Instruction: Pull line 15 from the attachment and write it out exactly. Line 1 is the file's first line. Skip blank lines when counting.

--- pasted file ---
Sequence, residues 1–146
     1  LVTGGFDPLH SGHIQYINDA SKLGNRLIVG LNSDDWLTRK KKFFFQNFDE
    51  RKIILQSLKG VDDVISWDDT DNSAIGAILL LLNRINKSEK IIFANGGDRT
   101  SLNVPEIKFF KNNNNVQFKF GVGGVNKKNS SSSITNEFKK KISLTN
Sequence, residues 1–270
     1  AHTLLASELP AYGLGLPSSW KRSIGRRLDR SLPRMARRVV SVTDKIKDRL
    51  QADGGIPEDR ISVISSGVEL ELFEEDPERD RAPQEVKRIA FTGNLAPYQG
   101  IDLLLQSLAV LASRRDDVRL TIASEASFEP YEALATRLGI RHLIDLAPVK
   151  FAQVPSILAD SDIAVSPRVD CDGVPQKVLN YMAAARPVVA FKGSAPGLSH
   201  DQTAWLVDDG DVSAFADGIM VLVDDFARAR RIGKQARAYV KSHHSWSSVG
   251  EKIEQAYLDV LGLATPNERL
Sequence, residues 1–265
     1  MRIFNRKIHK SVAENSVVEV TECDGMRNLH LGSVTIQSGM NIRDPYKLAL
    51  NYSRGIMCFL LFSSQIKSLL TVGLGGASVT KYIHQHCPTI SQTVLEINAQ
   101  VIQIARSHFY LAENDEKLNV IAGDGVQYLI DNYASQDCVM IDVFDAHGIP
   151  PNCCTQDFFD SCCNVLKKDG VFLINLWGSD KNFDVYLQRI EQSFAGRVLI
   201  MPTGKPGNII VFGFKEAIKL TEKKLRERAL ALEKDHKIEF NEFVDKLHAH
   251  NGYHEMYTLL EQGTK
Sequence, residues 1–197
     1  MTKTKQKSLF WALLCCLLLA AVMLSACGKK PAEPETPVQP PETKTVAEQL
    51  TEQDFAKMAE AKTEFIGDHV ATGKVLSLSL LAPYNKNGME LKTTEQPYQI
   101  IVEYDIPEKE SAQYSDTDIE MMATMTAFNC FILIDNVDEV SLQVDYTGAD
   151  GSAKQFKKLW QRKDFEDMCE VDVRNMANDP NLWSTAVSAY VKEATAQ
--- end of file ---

   101  VIQIARSHFY LAENDEKLNV IAGDGVQYLI DNYASQDCVM IDVFDAHGIP